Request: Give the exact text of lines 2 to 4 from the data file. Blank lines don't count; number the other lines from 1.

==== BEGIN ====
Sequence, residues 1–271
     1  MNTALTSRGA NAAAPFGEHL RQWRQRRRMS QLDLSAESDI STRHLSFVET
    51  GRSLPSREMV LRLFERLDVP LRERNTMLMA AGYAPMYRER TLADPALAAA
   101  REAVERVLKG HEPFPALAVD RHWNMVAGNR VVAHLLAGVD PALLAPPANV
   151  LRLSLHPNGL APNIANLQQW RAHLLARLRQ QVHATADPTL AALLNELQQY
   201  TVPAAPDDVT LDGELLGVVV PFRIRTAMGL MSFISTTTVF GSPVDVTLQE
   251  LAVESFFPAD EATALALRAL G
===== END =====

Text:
     1  MNTALTSRGA NAAAPFGEHL RQWRQRRRMS QLDLSAESDI STRHLSFVET
    51  GRSLPSREMV LRLFERLDVP LRERNTMLMA AGYAPMYRER TLADPALAAA
   101  REAVERVLKG HEPFPALAVD RHWNMVAGNR VVAHLLAGVD PALLAPPANV